During the Project, Liberty Mutual insured FSP under two consecutive commercial general liability insurance policies (the Policies), which together provided coverage from February 1, 2007 to February 1, 2009. See id., Exhibit 2: 2007-08 Liberty Mutual Policy (Doc. 14-2; 2007 Policy); Exhibit 3: 2008-09 Liberty Mutual Policy (Doc. 14-3; 2008 Policy).[2]In addition to FSP, the Policies identified South Carolina State Plastering, LLC (SCSP) and Integrity Wall Systems, LLC (Integrity), among others, as named insureds. See 2008 Policy at 2, 13. The parties agree that KB Home is an additional insured under the Policies. See Complaint at 5-6; Motion at 6; Joint Notice of Partial Settlement and Motion for Approval of Briefing Schedule (Doc. 41; Joint Notice) at 2. The Policies each provide a per occurrence limit of $1, 000, 000, a general aggregate limit of $2, 000, 000, and a products/completed operations aggregate limit of $2, 000, 000.[3] See 2008 Policy at 9. Importantly, the Policies provide that Liberty Mutual's “right and duty to defend ends when we have used up the applicable limit of insurance in the payment of judgments or settlements . . . .” Id. at 65.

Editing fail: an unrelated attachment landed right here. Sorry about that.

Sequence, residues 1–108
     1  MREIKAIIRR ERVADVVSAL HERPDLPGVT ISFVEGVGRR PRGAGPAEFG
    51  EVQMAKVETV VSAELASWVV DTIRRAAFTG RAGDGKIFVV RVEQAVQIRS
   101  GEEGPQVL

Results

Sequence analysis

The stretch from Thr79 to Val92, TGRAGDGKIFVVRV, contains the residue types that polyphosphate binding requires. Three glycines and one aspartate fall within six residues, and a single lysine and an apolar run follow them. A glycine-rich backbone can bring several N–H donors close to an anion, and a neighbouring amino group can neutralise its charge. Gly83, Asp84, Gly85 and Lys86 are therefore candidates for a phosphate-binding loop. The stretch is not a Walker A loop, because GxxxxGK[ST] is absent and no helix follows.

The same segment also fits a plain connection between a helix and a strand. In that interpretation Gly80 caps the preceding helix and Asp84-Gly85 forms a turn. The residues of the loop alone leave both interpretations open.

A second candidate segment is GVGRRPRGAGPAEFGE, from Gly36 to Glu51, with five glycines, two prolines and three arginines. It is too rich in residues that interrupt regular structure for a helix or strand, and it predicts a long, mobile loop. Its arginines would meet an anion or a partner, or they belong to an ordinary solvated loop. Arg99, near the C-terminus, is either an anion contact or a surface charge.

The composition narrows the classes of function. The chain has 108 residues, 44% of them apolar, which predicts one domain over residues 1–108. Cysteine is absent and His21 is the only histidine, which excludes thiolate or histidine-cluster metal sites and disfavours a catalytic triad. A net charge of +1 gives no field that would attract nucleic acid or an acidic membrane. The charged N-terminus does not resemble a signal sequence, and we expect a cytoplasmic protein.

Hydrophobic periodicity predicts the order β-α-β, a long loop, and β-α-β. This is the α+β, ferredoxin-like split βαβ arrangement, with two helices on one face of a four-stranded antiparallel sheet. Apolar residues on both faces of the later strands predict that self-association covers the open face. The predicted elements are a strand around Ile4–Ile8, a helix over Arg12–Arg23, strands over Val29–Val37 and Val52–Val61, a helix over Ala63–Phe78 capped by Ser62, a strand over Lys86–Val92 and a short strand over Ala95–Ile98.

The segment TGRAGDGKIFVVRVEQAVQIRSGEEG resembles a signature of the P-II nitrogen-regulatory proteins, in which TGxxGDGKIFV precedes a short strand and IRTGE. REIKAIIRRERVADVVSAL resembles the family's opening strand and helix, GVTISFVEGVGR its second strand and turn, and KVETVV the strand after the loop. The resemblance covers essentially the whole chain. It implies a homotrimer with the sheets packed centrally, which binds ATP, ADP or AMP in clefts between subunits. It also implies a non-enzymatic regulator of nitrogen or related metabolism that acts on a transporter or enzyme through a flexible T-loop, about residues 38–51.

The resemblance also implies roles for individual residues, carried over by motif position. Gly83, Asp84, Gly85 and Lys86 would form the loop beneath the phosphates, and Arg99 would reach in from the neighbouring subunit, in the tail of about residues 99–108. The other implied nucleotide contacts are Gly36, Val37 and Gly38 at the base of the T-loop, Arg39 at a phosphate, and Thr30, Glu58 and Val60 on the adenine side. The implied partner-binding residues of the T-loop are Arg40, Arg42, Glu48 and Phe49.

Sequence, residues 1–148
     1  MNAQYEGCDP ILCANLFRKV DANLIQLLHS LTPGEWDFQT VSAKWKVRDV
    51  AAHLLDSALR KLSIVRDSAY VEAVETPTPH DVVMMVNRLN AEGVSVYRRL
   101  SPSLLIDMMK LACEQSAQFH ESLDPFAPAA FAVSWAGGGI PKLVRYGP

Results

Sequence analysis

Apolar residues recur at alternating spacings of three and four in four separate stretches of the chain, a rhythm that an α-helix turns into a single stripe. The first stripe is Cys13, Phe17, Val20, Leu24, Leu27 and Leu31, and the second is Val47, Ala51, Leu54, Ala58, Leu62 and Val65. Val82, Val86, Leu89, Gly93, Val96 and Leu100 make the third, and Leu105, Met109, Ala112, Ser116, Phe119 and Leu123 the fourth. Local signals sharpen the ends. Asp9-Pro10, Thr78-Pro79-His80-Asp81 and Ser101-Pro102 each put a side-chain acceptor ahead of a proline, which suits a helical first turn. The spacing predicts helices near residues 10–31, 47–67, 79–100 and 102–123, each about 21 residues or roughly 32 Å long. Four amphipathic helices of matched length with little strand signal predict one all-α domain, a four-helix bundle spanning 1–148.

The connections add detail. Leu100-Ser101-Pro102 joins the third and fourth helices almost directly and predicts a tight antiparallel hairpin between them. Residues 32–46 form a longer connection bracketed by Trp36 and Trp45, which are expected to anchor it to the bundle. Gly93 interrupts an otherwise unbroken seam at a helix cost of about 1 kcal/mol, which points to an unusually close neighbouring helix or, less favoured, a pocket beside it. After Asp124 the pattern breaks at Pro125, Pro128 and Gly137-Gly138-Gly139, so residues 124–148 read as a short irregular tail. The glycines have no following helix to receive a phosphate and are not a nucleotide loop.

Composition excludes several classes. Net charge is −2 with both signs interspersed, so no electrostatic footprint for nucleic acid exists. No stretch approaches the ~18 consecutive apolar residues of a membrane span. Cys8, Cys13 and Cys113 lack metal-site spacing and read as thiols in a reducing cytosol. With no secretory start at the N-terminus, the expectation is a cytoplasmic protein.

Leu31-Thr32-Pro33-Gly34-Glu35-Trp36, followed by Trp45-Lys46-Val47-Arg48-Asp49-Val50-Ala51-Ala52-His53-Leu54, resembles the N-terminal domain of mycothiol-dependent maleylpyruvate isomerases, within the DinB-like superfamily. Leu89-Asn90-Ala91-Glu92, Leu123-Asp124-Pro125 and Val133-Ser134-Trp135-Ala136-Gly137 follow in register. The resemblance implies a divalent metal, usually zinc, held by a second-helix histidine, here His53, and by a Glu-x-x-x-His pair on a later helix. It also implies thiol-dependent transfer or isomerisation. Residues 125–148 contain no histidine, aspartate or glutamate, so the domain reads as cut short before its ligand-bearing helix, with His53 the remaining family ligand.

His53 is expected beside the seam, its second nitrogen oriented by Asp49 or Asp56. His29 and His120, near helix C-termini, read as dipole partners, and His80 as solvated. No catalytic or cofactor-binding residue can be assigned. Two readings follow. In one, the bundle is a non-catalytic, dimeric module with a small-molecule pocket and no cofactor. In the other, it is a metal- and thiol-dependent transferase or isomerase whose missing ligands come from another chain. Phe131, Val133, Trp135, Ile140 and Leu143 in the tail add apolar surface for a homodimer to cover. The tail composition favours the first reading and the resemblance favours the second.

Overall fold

C. The Instant Action and the South Carolina Litigation